Whereas the rate of spending on prescription drugs has gradually decreased, the US total health care bill for 2004 totaled almost $2 trillion. The study, reported in Health Affairs (January 10, 2006), found that prescription drug costs, which comprised 11% of all health costs, rose at a slower pace, compared with hospital and physician visits. Drug sales increased by 8.2% in 2004, a rate 2% less than the 2003 figure. The researchers suggested that the introduction of fewer blockbuster drugs during the study period contributed to the decrease.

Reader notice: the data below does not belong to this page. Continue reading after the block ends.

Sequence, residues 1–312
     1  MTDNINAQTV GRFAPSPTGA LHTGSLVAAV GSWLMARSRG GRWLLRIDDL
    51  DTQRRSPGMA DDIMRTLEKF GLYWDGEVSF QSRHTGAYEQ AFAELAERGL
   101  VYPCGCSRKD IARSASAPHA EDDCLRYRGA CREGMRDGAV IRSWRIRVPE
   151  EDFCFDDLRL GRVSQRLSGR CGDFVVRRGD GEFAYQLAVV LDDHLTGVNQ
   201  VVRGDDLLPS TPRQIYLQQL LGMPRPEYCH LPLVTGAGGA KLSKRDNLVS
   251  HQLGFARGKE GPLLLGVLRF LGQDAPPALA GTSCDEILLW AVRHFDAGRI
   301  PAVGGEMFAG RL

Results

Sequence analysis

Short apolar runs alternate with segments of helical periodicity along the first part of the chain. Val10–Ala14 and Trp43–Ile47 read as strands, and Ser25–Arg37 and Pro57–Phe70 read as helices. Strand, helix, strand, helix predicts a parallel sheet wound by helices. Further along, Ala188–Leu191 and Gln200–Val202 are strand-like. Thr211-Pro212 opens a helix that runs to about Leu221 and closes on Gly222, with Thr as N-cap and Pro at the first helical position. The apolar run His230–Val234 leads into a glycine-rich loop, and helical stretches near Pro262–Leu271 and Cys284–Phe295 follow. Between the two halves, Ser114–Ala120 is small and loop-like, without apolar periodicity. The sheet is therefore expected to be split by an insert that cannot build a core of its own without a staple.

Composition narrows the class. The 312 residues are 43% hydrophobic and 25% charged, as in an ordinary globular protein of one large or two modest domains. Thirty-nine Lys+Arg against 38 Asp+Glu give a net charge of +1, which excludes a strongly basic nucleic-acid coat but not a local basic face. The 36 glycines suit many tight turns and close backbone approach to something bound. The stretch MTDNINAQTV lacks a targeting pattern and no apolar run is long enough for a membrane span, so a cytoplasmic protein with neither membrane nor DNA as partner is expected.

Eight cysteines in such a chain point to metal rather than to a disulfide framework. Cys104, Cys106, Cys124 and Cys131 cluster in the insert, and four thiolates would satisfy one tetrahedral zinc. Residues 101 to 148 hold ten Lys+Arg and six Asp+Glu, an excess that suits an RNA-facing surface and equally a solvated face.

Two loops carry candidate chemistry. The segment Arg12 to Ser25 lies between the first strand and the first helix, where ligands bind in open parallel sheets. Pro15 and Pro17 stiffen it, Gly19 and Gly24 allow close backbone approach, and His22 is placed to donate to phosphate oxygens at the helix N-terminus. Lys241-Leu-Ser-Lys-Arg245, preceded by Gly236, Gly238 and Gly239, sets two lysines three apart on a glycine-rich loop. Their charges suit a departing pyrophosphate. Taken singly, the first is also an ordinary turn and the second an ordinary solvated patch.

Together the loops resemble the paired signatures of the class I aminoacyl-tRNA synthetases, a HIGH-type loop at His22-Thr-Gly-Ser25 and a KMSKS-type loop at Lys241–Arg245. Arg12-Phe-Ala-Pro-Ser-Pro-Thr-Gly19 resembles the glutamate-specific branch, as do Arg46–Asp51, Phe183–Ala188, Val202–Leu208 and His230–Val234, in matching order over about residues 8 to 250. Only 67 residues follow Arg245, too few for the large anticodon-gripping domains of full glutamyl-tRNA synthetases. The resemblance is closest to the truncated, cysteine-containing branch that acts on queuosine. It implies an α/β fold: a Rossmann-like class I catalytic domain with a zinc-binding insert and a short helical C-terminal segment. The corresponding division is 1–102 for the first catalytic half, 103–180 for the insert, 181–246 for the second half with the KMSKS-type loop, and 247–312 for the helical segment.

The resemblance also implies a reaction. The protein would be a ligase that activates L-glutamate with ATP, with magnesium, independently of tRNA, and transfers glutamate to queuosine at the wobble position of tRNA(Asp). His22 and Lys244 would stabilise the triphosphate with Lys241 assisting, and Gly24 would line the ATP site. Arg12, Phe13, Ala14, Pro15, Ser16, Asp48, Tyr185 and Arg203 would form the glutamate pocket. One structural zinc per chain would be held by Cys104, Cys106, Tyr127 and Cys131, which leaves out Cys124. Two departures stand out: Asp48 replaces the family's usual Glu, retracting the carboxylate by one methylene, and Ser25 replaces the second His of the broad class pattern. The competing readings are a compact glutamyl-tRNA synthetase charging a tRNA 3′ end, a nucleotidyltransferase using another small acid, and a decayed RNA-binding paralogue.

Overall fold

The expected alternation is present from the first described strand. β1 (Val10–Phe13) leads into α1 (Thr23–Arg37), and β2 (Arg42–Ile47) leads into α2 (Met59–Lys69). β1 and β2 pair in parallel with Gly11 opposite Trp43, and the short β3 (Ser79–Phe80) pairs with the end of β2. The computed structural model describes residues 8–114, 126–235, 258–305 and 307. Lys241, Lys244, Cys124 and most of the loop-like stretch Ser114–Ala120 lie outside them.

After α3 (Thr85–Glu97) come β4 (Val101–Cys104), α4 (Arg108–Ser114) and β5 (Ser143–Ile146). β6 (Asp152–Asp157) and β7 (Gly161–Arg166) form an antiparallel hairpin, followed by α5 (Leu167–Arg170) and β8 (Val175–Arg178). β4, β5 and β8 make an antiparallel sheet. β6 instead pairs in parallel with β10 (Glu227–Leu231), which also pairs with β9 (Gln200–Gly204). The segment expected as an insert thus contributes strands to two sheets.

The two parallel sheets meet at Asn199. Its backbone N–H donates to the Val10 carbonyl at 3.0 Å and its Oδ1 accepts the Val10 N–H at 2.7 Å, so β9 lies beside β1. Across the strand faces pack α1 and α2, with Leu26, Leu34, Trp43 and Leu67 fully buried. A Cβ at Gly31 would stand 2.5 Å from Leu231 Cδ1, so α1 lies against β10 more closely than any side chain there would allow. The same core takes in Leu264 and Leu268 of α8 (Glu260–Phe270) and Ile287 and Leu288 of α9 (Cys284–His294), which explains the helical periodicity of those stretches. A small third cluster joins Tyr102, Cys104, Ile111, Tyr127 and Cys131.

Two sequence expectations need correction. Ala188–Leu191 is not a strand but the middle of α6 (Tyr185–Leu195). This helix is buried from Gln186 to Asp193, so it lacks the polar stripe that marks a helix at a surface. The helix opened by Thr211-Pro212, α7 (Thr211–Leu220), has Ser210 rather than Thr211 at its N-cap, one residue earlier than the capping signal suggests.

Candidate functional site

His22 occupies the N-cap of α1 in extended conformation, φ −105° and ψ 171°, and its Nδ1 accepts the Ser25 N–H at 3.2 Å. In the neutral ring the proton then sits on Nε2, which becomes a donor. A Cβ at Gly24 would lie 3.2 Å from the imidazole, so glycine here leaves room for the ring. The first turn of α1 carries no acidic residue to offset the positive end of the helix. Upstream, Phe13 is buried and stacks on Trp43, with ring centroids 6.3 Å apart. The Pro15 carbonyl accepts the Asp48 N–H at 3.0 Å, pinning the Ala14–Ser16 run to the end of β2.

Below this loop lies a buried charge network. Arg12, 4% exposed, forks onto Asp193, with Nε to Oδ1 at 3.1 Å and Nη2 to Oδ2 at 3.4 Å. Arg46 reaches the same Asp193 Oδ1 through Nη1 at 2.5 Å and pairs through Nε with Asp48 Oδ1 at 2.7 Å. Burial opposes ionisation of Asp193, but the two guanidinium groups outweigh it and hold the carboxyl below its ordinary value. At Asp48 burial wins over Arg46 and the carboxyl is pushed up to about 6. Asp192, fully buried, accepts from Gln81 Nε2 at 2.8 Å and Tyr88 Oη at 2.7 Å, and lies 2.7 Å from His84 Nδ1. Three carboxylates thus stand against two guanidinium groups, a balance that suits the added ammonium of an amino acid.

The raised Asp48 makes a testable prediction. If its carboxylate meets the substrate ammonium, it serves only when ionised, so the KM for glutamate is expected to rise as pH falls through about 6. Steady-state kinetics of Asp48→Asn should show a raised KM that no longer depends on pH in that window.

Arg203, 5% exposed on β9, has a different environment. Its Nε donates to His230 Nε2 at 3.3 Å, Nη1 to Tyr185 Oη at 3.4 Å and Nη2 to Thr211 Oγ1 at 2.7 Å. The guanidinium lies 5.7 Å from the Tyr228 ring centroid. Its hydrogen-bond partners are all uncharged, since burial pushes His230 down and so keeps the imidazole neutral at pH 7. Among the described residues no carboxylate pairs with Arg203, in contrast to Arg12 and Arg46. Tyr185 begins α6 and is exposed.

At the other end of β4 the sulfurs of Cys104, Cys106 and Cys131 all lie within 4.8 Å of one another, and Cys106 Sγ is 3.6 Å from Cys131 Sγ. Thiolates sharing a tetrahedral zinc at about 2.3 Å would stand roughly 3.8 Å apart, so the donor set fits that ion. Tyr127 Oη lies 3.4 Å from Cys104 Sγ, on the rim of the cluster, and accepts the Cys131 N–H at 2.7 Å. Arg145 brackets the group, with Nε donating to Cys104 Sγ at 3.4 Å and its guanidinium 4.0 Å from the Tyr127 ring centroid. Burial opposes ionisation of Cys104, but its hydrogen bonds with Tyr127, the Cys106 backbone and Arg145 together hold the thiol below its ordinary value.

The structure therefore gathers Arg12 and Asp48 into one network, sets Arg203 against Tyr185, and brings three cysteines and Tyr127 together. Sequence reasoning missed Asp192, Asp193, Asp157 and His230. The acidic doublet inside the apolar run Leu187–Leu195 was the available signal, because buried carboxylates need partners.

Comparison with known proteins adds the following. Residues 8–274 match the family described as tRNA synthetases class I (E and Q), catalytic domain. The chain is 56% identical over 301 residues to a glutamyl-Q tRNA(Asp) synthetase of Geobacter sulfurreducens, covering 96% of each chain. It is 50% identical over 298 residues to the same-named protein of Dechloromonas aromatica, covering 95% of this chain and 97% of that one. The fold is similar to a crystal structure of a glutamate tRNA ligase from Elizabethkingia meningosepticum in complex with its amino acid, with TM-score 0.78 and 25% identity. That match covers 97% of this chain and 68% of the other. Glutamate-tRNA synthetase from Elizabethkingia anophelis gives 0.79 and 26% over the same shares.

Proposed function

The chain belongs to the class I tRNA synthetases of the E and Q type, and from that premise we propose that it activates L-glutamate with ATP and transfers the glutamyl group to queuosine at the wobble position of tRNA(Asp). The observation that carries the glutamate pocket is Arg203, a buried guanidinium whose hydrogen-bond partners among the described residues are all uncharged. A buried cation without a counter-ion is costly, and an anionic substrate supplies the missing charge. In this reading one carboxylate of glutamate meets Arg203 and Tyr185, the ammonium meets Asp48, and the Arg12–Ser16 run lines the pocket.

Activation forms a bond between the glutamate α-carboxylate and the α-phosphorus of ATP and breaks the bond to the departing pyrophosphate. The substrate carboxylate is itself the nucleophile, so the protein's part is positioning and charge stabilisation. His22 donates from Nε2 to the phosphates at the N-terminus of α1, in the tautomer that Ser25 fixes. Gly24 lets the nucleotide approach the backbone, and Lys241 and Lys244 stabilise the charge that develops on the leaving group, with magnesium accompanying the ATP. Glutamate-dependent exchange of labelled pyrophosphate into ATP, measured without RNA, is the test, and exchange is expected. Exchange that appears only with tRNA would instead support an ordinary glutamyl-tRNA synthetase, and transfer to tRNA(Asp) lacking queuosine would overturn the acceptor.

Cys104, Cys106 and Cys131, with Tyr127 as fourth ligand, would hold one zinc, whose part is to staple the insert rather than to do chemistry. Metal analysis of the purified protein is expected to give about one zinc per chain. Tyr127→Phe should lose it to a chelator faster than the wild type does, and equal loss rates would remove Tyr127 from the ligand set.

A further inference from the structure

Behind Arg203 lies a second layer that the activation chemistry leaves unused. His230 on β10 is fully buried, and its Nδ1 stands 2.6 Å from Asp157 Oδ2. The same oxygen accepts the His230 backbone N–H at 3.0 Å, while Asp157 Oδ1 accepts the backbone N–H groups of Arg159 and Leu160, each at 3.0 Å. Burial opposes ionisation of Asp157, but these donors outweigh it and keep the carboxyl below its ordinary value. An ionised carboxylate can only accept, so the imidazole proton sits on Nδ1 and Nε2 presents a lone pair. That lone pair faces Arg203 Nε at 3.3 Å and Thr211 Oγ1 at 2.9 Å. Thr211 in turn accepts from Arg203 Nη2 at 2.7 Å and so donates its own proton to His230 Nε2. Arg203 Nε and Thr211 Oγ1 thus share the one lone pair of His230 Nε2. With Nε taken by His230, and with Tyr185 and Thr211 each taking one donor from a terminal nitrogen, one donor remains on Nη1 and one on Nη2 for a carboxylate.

The results of the study, conducted by the Centers for Medicare & Medicaid Services, also indicated that the launch of OTC and generic equivalents of bestselling drugs lowered overall drug costs.
Although the annual HIV diagnosis rate between 2010 and 2014 decreased for black individuals by 16.2%, blacks remain disproportionately affected by HIV/AIDS.
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